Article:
Elections in Kazakhstan—an opening to strengthen democracy, international relations


By Raza Syed

Kazakh President Kassym-Jomart Tokayev dissolved the lower House of Parliament, mazhilis, and called for a snap elections for March 19. These elections will take place a year after the riots, following which strongman Nursultan Nazarbayev finally left the political scene.

Tokayev has presented himself as a truly independent figure. He hopes to cement this status by securing a popular mandate to rule, as distinct from a mandate from either Nazarbayev, his predecessor, or Putin.

The UK has had close diplomatic ties with Kazakhstan for over 30 years. These have now developed into excellent relationships in the areas of trade, technology transfer, education, security and investment.
Holding elections to the Mazhilis in the first half of this year was publicly suggested by President Tokayev in his state-of-the-nation address in September 2022. This was followed by presidential elections in November, which opened a new political season.

Tokayev’s constitutional amendments may be regarded as true steps towards democratisation. Kazakhstan has abolished the death penalty, taken steps to combat nepotism by barring the president’s close relatives from entering politics or holding senior positions in state companies or regional administrations, and repealed a 2000 law granting legal immunity to Nazarbayev and his family. The constitutional amendments also envision the removal of the president every seven years.

In a statement made after the announcement of the elections, the Kazakh leader noted that the holding of early elections to the Mazhilis was dictated by the logic of the constitutional reforms, following which the country adopted the new, more fair and competitive rules for forming a representative branch of power.

The referendum, which took place in June, was in line with President Tokayev government’s “Just Kazakhstan” policy and was in response to a public reaction on the autocratic rule by the former president, Nursultan Nazarbayev.

Nazarbayev, who led the country for 30 years and officially stepped down in 2019, nevertheless retained leverage over the state apparatus in his hands, taking the post of chairman of the Security Council, through which he controlled army, police and intelligence services.

Nazarbayev finally resigned in January 2022.Kassym-Jomart Tokayev, who served as Director General of the UN office in Geneva in 2011-2013, accelerated the implementation of social and political reforms on a national wave of widespread support.

The announcement of parliamentary elections is part of Tokayev’s strategy to reboot a neglected system of state administration, which has much in common with the Soviet one with its aged party nomenklatura. It will help change the political landscape of Kazakhstan, making it democratic, and therefore more competitive.

The Mazhilis elections will take place in a completely new political environment: 70 percent of Mazhilis deputies will be elected from party lists and 30 percent- in single-mandate districts.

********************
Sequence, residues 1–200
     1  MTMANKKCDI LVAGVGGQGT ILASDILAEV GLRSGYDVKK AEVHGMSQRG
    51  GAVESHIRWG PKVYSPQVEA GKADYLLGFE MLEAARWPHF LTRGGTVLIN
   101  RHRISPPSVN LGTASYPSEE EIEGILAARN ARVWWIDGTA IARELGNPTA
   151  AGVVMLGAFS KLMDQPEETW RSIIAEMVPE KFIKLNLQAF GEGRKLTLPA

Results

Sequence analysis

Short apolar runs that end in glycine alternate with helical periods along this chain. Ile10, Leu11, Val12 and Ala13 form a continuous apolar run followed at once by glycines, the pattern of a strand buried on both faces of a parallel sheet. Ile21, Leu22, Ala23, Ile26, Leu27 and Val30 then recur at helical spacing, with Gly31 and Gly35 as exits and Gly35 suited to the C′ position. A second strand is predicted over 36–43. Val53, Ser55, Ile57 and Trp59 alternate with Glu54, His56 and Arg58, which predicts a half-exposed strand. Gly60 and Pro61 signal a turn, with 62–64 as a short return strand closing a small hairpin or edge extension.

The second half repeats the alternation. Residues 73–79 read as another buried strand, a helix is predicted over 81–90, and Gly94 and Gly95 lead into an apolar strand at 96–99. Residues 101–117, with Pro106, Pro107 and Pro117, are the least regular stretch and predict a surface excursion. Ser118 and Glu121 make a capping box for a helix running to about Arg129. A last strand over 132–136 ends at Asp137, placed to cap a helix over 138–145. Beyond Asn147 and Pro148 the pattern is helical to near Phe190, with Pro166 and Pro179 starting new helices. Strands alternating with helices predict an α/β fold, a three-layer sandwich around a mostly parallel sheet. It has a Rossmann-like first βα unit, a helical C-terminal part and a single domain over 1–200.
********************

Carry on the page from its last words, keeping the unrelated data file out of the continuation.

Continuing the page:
Key changes in the upcoming elections include: reduced threshold for parties to enter the Mazhilis from 7 to 5 percent, a 30 percent quota for women, youth and people with special needs has been fixed on the party lists, and an “against all” column on the electoral ballot.

The procedure for registering political parties has also been greatly simplified in the country, as a result of which several new political forces have been registered in Kazakhstan for the first time in a long time.

All these reforms, which were implemented throughout the previous year, made this election different from past ones. Their main distinguishing feature was a large number of independent candidates.

These reforms of Kassym-Jomart Tokayev were also approved by the Secretary of State for Foreign, Commonwealth and Development Affairs of the United Kingdom of Great Britain and Northern Ireland, James Cleverly.

“The Foreign Secretary expressed support for the political and socio-economic reforms being carried out in Kazakhstan aimed at building a fair state, a fair economy and a fair society,” declared British and Kazakh Foreign Ministers’ joint statement dated December 20, 2022.

British-Kazakh relations have been raised to a strategic level not least because of the fabulous wealth of this country in uranium, rare elements, oil, gas, metals, and a highly skilled workforce.

“Welcoming the achievements of Kazakh-British diplomatic relations over the past 30 years, the Foreign Ministers discussed a range of global and regional issues and promising future areas for bilateral cooperation and strategic partnership,” said a statement.

Kazakhstan is entering a new era of its development, and the parliamentary elections are designed to be the final stage of the reloading of the state institutions of Kazakhstan, giving real content to the formula ‘strong President – influential Parliament – accountable Government’.

With this background Kazakhstan, now become the UK’s most reliable partner in the Eurasian region.
This could be confirmed by James Cleverly’s visit to Kazakh capital, Astana, as early as this year. In the nearest future ,new strategic partnership and cooperation agreement between UK and Kazakhstan will be signed.